Friday, December 17, 2010


Only this year did I get around to viewing the underrated classic, Tron and it was during a small break between classes did I get enveloped in the simple story of one man in a computerised world trying to get out. We've seen in recent years many different takes on the story of a man in a digitised or conceptualised world and this being either the bane or desire of his existence. From films like The Matrix and Inception come close to the idea of imagination in a fictional universe to a new degree, but Tron Legacy covers the ground in a simpler and a lot more dazzling way.
Don't get me wrong both of the previously mentioned films are still amazing and beautiful to watch, but something a lot of critics have with the story is that the emotional or relationships in the films either seem tacked on or ultimately unnecessary to the overall theme and story, that which we create can destroy us.

Tron Legacy picks up a few years after the original Tron, where Kevin Flynn (Jeff Bridges) has built up his company Encom into a giant gaming/computing empire (the film never recalls which, but it's clear where it ends up), one night he simply disappears (guess where) leaving his son seemingly lost and unsure what to do with his life. After being consoled by a guardian parent and growing up to be some kind of hacking, motorbike riding deliquent, Sam Flynn is all grown up and still dealing with his daddy issues.
One night he is told his father's old arcade has sent out of a page and goes to investigate before getting trapped inside the digitised world which his father escaped many years ago. Once inside he encounters some creations from the original films as well as a bunch of new things and a mysterious girl named Cora (Olivia Wilde, who is gonna explode in the next few months), which I won't spoil now, but you probably have met in the trailer or told incessently by your friends (or will soon), with such phrases beginning with "OH AND THIS *BLANK* TOTALLY HAPPENS AND COMES OUT OF THE *BLANK*" and "BUT THIS PART WAS SO COOL, IT HAD *BLANK*" 
How the film will do with people who haven't seen the original will be perfectly fine. I think they really need to be drawn in with the visuals as well as the story, characteres etc., as most modern good films do (Re: Children of Men). But the thing that sets Tron Legacy apart from modern sci-fi is the heart and cleverness it has. The film's writing and dialogue makes you smile or chuckle for one of two reasons. Either A) You're a big nerd and you understand things such as The End of Line club or B) There are certain quips in films which you will probably endlessly quote, laugh, share and probably shot in the face mid-reference one day. The true drawing point of the film for me was the chance to re-live and reinvigorate a story I had fallen in love with only recently. The simple and yet, slightly, believable story of a group of programs hailing a user, the idea a tiny society lives right inside your computer is something which ignites the spark of being a child and letting my imagination run wild, something which I don't think has happened since Toy Story or The Matrix.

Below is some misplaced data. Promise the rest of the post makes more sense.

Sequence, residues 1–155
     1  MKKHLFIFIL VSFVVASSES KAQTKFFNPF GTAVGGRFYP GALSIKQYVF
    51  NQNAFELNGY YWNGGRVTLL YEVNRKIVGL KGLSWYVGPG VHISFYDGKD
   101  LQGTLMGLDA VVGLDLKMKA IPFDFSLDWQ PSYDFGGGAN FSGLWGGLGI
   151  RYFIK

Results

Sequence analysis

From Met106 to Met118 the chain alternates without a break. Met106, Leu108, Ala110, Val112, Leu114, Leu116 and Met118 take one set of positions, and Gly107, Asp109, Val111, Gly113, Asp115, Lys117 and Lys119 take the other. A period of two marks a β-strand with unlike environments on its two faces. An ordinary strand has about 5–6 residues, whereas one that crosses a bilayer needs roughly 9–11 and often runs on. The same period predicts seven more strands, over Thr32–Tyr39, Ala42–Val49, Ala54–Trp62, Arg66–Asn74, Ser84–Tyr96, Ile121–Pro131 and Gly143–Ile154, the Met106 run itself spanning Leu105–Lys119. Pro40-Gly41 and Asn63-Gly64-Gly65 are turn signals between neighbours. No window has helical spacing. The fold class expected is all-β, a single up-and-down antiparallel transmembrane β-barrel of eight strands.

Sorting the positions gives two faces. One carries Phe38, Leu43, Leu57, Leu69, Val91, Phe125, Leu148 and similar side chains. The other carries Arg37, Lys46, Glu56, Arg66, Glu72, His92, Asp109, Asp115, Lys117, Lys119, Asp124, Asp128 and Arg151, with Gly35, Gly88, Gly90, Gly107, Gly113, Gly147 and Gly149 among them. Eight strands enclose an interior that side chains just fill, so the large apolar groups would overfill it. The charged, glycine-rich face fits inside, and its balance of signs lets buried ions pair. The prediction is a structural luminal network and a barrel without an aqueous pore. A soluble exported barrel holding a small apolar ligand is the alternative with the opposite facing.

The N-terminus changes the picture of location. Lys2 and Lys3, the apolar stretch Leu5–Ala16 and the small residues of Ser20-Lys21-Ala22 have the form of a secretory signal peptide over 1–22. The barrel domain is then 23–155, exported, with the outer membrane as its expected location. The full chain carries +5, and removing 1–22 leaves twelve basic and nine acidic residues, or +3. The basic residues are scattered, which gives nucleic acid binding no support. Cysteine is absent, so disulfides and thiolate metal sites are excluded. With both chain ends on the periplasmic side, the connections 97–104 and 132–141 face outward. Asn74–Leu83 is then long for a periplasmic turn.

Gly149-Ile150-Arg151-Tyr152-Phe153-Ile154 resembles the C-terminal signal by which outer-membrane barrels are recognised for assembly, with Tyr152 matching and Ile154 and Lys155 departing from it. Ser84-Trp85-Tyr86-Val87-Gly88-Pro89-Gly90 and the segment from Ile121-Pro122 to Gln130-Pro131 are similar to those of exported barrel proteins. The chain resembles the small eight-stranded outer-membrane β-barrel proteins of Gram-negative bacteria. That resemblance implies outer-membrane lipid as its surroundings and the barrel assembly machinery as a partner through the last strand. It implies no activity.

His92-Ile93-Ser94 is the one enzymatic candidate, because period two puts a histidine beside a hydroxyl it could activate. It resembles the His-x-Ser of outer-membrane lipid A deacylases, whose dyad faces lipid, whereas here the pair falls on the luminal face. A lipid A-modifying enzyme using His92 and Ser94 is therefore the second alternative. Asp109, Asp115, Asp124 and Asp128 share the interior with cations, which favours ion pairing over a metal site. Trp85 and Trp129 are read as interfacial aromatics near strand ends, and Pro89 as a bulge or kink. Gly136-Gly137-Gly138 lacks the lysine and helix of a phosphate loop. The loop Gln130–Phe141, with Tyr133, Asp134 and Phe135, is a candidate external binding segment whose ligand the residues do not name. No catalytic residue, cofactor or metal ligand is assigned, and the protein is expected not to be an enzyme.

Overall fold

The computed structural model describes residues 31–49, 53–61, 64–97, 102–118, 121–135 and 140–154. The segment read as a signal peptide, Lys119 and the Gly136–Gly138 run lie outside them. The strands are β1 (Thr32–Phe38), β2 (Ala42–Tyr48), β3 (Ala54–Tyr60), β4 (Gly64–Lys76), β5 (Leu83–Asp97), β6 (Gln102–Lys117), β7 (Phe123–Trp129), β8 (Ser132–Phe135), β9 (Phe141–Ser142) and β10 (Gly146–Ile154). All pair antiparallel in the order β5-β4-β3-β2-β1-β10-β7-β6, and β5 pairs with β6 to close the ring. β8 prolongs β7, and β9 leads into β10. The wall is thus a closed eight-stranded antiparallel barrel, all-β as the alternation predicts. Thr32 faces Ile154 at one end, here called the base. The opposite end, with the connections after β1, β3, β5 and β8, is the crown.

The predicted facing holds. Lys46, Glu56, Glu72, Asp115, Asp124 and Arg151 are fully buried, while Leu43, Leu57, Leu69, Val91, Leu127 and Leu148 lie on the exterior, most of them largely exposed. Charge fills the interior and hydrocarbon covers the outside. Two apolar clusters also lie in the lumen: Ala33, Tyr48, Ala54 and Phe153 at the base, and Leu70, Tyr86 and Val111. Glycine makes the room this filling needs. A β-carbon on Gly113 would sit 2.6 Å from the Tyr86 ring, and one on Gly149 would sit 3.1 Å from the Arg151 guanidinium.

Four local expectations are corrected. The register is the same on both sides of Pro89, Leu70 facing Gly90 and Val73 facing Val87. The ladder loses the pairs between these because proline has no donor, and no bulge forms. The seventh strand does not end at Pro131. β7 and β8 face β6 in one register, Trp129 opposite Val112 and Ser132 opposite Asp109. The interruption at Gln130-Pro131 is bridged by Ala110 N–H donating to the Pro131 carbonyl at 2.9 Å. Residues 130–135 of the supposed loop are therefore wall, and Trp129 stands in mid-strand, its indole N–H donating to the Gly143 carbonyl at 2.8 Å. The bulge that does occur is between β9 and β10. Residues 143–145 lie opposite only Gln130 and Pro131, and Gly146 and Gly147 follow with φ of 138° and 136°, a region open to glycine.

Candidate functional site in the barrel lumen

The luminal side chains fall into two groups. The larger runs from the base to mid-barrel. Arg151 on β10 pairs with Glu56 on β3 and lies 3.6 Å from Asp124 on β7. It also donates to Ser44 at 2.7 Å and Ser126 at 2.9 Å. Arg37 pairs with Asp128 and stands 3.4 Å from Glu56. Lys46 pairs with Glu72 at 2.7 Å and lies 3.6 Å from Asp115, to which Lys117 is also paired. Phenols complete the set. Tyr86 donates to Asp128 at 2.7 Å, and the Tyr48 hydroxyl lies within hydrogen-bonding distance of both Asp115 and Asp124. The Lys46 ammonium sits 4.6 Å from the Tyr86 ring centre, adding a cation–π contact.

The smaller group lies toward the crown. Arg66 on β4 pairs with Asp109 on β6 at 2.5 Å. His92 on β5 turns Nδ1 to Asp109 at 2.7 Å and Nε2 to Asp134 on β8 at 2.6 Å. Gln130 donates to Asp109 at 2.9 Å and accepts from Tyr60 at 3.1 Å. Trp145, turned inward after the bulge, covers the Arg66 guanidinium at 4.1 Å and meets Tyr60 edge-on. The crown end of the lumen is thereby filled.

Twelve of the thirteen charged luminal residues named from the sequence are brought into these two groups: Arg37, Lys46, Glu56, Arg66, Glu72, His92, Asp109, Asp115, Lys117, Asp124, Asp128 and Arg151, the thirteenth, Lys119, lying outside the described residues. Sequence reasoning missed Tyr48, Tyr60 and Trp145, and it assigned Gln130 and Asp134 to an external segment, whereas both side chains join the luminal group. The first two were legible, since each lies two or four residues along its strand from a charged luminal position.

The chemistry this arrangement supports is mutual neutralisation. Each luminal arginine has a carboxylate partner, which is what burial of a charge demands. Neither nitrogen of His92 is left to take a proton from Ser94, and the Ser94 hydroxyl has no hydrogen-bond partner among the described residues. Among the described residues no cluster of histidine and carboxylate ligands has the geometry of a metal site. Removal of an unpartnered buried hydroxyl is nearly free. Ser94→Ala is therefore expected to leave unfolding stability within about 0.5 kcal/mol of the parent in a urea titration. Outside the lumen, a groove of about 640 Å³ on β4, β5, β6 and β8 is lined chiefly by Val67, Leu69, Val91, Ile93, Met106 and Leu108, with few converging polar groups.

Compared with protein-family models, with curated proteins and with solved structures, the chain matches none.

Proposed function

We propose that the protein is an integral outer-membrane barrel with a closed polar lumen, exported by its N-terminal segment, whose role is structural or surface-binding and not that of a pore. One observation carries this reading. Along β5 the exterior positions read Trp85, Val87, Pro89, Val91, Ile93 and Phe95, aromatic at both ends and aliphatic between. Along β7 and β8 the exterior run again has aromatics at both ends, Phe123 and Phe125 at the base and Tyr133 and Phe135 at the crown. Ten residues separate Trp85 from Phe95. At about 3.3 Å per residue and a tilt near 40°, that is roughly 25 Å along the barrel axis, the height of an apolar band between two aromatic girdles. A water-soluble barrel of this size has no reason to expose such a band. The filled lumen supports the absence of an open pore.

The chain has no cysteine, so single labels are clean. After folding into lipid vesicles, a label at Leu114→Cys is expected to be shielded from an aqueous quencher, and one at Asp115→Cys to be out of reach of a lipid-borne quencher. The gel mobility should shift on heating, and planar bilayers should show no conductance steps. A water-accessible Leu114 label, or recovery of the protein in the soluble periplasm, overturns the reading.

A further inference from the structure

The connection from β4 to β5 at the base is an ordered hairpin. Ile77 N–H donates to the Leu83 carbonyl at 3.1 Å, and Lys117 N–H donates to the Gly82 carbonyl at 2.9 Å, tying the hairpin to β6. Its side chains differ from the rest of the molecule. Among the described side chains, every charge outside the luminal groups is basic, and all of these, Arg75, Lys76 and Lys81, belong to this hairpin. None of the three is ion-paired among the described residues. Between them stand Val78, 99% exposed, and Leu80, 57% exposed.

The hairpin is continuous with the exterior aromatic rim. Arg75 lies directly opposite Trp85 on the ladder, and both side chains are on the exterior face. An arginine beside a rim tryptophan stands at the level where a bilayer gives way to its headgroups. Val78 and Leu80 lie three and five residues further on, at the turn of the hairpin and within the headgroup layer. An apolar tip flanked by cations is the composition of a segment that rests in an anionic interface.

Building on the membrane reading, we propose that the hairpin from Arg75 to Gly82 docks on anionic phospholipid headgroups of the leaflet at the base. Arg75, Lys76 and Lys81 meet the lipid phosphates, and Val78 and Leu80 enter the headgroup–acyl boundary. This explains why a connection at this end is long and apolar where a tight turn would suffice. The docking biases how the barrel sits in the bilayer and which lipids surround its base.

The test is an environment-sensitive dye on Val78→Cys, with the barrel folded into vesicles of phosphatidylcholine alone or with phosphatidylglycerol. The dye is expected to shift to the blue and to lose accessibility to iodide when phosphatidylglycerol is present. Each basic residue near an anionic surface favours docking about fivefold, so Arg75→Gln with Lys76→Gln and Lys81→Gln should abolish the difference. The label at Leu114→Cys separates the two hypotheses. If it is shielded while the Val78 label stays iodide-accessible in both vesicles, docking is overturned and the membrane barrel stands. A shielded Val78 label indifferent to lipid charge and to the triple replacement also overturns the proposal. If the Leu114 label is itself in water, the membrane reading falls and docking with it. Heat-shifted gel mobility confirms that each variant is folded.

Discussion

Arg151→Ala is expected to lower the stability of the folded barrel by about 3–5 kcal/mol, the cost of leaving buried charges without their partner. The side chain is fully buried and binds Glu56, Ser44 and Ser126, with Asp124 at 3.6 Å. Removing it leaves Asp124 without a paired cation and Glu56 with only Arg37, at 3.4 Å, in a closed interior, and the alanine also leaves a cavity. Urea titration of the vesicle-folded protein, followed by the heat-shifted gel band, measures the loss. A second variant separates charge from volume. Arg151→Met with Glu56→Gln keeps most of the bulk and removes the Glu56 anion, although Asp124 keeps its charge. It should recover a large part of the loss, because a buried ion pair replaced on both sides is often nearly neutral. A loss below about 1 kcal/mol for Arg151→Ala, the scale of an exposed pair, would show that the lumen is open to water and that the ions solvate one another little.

But in all seriousness, the original drawing point for this film for me was one thing and one thing only, well two things really.
Ignore the stormtroopers, listen to the House.
Beside the incredible musical duo, the rivers run deep with this film. Drenched in religious allegories, I had a small Oh Fuck moment to myself, which really weirded out my friend next me briefly, when I realised that Sam and Flynn, are essentially father and son, and the holy trinity is complete with multiple characters supplementing the antogonist. Whether it's CLU, a copy of Flynn hoping to create a perfect world, or the Rhynsier (who at midnight I could not bother to check) and so many beautiful moments of metaphors trickling in of salvation, redemption and ultimately leaving Bridge's Kevin Flynn as some kind of mix between Darwin and God.

This man is your God.

Whilst the ending left me briefly with a sour taste in my mouth, which I washed away by thinking of the original film and the only logical conclusions (which they'll probably throw on the Blu-Ray around mid-May), I came out of Tron Legacy feeling really good and the fact that it had lived up to my expectations. It personally felt like something had been crafted well and that Disney had taken real care with the property. There were a few dud lines here and there and the theatre I saw it in only had me and 6 other companions, no one else, it was good to see a rising star out of Garret Hudland, Olivia Wilde, Beau Garret and the completely unforgettable Michael Sheen.
Go see it, go see it, go see it. You cannot enjoy this flick if you are a nerd, a geek, a fan of film, slightly interested in fictional representations of religion or just simply wanna good time.

No comments:

Post a Comment